I wish there were some cheerleaders who could magically emerge out of this column while you're reading it. Six smiling cheerleaders, leaving little pompom trails all over your kitchen, back-flipping into your track lighting, each holding yellow signs that spell out one big word:
H. O. W. A. R. D.
(Not the duck.)
It's that important, the message. I want you to hear it -- really hear it -- because there were lots of tears Tuesday in Chattanooga as rezoning issues at East Hamilton and the lottery drawing for magnet spots put parents in the awful position of playing "win, lose or draw" with their beloveds' education.
And that's not the way the world should be.
But the story unfolding at Howard is like some Oscar underdog film being played out on the screen that is our city. The school whose students conducted sit-ins in the 1960s is again modeling for our city a vision of how the world can be.
In 2005, Howard's graduation rate was 25 percent. One in four. That's not a school, that's "Lord of the Flies."
Last year, Howard's graduation rate was 88 percent.
"That's above the district average," said a smiling Dr. Paul Smith, principal.
Cheerleaders, megaphone it: Howard currently out-averages the district graduation rate, which was 80 percent in 2010.
"These kids are not just talking about graduating, but going to college," said school counselor Ismahen Kadrie. "This is a place where the focus is on education."
Teachers I talk to scratch their heads, trying to remember the last time they saw a fight.
They tell stories about kids running -- hustling might be a good word -- to turn in their homework on time.
Last year, a student scored a 29 on the ACT. Dr. Smith announced the news over the intercom.
"Kids left their classroom and ran to mine, just to see what this kid looked like," said teacher Mason West. "When he walked down the hall, he was like a hero. They were whispering about him."
Give me an H!
What's happened? All the right things: contagious leadership affects positive teachers who inspire students who are supported by parents. Most roads lead back to Smith and his influence.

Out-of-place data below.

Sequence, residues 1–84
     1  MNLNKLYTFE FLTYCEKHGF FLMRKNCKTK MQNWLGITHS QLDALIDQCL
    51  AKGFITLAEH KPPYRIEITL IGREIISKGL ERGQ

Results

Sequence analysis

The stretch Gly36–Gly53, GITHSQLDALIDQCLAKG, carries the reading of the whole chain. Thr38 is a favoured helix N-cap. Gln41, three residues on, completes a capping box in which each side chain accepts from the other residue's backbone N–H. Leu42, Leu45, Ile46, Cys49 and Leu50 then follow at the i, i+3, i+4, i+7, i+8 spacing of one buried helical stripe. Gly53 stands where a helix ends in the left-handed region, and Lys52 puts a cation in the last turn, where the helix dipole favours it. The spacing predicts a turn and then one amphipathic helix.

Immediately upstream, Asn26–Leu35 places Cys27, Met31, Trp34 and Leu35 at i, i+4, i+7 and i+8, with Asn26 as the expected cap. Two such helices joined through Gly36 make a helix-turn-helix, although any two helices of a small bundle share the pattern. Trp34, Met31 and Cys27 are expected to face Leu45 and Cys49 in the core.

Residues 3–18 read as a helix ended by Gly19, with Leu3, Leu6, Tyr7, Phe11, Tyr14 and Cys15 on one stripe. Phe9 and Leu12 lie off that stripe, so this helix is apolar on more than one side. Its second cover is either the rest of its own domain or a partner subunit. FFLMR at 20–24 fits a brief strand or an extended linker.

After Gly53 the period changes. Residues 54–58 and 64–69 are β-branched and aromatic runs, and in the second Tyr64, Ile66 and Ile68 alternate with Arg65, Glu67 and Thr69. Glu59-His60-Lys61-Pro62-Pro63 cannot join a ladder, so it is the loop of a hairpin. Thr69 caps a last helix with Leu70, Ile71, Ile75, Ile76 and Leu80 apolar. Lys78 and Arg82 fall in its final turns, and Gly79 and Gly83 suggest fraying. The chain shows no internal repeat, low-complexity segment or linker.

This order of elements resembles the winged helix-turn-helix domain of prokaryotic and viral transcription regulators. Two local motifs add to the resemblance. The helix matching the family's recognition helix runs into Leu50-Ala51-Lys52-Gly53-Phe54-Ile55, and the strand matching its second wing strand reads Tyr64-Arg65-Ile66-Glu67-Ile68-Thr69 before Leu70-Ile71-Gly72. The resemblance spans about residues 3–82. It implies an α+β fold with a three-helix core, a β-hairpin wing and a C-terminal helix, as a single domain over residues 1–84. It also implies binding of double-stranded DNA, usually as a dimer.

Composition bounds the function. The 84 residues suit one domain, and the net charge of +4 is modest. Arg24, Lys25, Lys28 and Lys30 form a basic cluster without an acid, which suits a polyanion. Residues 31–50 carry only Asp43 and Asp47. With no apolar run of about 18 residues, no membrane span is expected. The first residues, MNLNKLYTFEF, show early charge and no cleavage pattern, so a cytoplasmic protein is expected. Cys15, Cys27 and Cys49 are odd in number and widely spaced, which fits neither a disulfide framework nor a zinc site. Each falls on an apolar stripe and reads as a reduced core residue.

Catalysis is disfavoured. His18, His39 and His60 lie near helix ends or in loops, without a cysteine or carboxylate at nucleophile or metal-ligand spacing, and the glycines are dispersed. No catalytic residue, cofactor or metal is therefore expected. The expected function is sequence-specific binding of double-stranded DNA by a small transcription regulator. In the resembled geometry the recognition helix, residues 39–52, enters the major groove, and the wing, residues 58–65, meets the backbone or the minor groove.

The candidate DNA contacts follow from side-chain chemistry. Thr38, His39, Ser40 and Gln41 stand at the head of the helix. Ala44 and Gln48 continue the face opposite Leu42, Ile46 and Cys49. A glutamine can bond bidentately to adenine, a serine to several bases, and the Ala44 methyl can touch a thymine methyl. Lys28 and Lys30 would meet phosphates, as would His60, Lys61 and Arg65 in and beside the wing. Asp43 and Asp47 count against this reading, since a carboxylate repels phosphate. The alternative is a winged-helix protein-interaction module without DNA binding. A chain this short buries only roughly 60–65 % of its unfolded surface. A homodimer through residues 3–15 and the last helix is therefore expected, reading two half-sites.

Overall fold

He's our version of Geoffrey Canada, the dynamic educational reformist who's turned schools in Harlem into global models of success.
Smith's motto: You've got to dream for kids until they can dream for themselves. He wants Howard to become a K-12 school, where a vertical curriculum would keep every student in what he calls "a failure-free zone."
One piece of this puzzle depends upon Volkswagen. On March 7, students from West's Talented Tenth program will present a proposal to VW executives.
Their idea: VW would invest in transforming the school's nine-bay garage into a working, 21st-century model of an auto-tech apprenticeship. Students could track early into the auto field, and upon graduation, would be ready to immediately walk onto the VW factory floor and start work.
That's why during my recent visit to West's classroom, all his students were speaking German. After the VW presentation, they're preparing for trips to Washington, D.C., and Jamaica, presenting to university and government leaders in both places.
Dozens of people, groups and associations have volunteered their time to help the Talented Tenth. Last year, those trips were funded within the county's budget, West said. This year, no budgeted money, and they're having to raise $27,000.
Remember: This is a school where 95 percent of the population is considered economically disadvantaged. Are they going to car-wash their way to $27,000?
"People ask me if I want to go to another school. I can't leave this place," said Derelle Roshell, the gifted sophomore that Smith has nicknamed "Senator."
"It is a school of excellence," he said.
He was dead serious.
David Cook can be reached at email@example.com.